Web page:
The litmus test for the global economy

Oil prices have moved into another ‘flag shape’ – which previously provided critical warning of the March collapse, and of those in 2014 and 2008. The shape is important as it means the bulls and bears have been battling each other to exhaustion, making it likely one or the other will give up.

This time, the range is narrower as the chart shows. It suggests the promised V-shaped rally stalled at the end of May. And as I have already warned, it is now clear that the rally was really only due to massive stock-building by China and India, as Reuters now confirm:

  • “China waded into oil markets in April when prices collapsed to multi-decade lows, snapping up cargoes for delivery in coming months.
  • 120mb of crude was still waiting to discharge on 23 July, with ports frantically building new storage capacity to receive the cargoes
  • There is already enough commercial crude storage to supply China’s total needs for 3 months at 2019 rates, before the waiting cargoes unload
  • Meanwhile, India’s storage was “completely full” by May, and demand remains weak due to the pandemic

Plus, of course, China is suffering its worst flooding for decades.  These will inevitably further setback recovery hopes, especially as extreme weather conditions are also impacting other major Asian economies.

WHAT HAPPENS IF THE CENTRAL BANKS HAVE BEEN WRONG?

My argument here since early February has been that the Covid pandemic is simply the catalyst for major paradigm shifts in world markets.  But as usual, the central banks have stuck to their argument that demographic changes are irrelevant to the global economy.

But it is now becoming increasingly clear that they are wrong, again.  Instead, we are seeing a collapse of demand, which is starting to create a series of major bankruptcies in industries such as travel and leisure, retail, commercial and residential property, as well as energy and petrochemicals.

In addition, we have geopolitical issues starting to take centre stage, with US Secretary of State Mike Pompeo confirming that a new Cold War is underway – this time between the USA and China.

In turn, other countries and regions are starting to take sides. One of the first moves has been by Iran, which has begun to develop an ‘energy for security’ pact  with China – its partner in the Belt & Road Initiative and the world’s largest user of oil and petchems.   As the New York Times reports:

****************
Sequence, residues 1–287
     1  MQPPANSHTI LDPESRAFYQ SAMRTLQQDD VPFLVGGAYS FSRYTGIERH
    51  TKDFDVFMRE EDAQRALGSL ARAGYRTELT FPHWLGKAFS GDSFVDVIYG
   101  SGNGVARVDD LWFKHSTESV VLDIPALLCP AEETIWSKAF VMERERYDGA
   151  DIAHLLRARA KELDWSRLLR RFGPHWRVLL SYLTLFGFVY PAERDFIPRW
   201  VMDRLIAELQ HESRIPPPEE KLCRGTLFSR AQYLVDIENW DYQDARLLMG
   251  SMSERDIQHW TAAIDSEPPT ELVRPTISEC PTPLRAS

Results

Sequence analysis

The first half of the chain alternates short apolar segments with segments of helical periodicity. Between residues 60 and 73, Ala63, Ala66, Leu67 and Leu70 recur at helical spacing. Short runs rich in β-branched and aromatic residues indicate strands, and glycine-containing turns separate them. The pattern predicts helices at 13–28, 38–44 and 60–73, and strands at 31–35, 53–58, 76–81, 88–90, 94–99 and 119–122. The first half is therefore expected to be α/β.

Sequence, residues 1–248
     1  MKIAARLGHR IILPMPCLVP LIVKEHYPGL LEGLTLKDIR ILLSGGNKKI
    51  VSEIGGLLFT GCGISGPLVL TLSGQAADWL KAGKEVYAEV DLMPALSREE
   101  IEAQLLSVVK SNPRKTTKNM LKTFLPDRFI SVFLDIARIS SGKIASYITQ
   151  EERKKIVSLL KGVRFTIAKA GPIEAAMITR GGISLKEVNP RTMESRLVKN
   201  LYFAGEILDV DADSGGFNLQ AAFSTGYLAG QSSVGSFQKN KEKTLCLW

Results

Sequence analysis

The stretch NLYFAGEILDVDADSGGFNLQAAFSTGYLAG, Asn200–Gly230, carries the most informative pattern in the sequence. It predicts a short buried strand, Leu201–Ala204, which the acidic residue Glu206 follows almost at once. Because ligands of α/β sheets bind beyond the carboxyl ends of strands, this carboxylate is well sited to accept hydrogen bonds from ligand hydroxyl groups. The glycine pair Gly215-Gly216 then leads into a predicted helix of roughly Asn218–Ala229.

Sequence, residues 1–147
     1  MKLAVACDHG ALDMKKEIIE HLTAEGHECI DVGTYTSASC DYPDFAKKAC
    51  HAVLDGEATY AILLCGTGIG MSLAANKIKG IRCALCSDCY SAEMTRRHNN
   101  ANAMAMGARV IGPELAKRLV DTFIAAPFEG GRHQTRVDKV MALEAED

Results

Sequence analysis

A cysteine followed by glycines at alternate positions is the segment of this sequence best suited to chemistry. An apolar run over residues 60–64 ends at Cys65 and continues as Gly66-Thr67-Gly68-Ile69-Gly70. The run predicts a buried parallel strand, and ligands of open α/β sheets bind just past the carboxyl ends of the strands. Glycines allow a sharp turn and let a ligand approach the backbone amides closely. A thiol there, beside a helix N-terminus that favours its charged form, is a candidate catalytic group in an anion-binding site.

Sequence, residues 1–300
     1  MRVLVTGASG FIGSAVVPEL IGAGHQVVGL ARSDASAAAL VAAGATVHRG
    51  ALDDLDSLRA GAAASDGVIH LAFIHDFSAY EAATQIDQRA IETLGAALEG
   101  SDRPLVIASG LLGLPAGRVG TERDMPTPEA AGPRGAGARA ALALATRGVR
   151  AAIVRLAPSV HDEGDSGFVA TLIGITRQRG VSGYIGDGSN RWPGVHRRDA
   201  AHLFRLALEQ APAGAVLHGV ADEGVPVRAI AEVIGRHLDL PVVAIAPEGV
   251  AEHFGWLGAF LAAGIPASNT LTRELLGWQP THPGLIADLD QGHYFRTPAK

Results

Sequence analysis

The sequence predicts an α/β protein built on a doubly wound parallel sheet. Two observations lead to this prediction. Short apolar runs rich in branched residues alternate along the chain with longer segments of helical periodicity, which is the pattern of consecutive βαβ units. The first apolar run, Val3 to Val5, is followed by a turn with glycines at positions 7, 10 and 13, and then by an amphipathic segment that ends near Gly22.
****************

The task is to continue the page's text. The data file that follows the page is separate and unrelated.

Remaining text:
“The partnership would vastly expand Chinese presence in banking, telecommunications, ports, railways and dozens of other projects. In exchange, China would receive a regular — and, according to an Iranian official and an oil trader, heavily discounted — supply of Iranian oil over the next 25 years.”

It would therefore be no great surprise if the next act in the drama is a fall in the oil price.

A number of key developments suggest the recent Rebound is over, after the end of the lockdowns. Interest rates have begun falling again around the world, along with inflation, whilst gold prices have been rising on ‘safe haven’ hopes.

So what would happen if oil/financial markets start to fall again?  Most likely, attention would turn back to the IMF, and their suggestion we should expect a decade-long depression scenario where deflation would become embedded in the economy.

This would fit, of course, with the demographics. As the chart confirms, over 50% of the 750m global population increase over the next decade will be due to the Perennials 55+generation.  And whilst increasing life expectancy is great news for individuals, it is bad news for economic growth:

  • Perennials already own most of what they need
  • And their incomes are set to decline as they enter retirement

So if/when the oil price starts another descent, tt would seem prudent to assume that March’s original downturn will then resume.  Companies and investors need to prepare to activate their contingency plans to survive the IMF’s decade-long depression,